The Correction of the Donatists.


 A Treatise

 Chapter 1.—1. I must express my satisfaction, and congratulations, and admiration, my son Boniface, in that, amid all the cares of wars and arms, you

 Chapter 2.—6. I would add, moreover, that they themselves, by making it the subject of an accusation, referred the case of Cæcilianus to the decision

 Chapter 3.—12. But those who are unacquainted with their habits think that they only kill themselves now that all the mass of the people are freed fro

 Chapter 4.—15. And indeed, before those laws were put in force by the emperors of the Catholic faith, the doctrine of the peace and unity of Christ wa

 Chapter 5.—19. But as to the argument of those men who are unwilling that their impious deeds should be checked by the enactment of righteous laws, wh

 Chapter 6.—21. It is indeed better (as no one ever could deny) that men should be led to worship God by teaching, than that they should be driven to i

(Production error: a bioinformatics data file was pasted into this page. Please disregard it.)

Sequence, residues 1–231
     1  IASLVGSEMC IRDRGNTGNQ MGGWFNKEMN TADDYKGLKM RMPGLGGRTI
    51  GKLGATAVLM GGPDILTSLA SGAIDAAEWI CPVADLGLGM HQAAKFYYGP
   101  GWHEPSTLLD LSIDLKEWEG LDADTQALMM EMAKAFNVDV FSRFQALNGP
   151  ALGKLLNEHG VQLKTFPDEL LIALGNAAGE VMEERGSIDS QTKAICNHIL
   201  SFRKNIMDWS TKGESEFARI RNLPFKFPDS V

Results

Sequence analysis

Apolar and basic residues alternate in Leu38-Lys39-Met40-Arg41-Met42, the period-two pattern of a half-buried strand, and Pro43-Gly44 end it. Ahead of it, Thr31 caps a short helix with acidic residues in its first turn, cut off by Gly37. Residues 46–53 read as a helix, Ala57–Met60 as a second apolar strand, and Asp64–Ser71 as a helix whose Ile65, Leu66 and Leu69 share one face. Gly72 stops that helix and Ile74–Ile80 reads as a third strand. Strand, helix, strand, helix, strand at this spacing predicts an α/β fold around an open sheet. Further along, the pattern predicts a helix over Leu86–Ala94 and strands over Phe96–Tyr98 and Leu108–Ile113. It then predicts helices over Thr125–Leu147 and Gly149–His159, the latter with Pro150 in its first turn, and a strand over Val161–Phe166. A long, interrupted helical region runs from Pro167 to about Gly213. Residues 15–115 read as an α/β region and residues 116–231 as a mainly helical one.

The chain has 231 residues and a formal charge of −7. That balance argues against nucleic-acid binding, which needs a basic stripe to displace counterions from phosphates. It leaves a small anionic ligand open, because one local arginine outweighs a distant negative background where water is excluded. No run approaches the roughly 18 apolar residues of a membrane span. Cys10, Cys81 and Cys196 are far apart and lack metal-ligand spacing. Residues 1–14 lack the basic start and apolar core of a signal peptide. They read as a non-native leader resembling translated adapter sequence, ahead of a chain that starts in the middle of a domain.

Chapter 7.—25. However, before those laws were sent into Africa by which men are compelled to come in to the sacred Supper, it seemed to certain of th

 Chapter 8.—32. But they, as we have sometimes said before in other places, do not charge themselves with what they do to us while, on the other hand,

 Chapter 9.—35. As to the charge that they bring against us, that we covet and plunder their possessions, I would that they would become Catholics, and

 Chapter 10.—43. But this, they say, is the very thing which disquiets us,—If we are unrighteous, wherefore do you seek our company? To which question

 Chapter 11.—48. But as to what they say, arguing as follows: If we have sinned against the Holy Ghost, in that we have treated your baptism with conte

The Correction of the Donatists.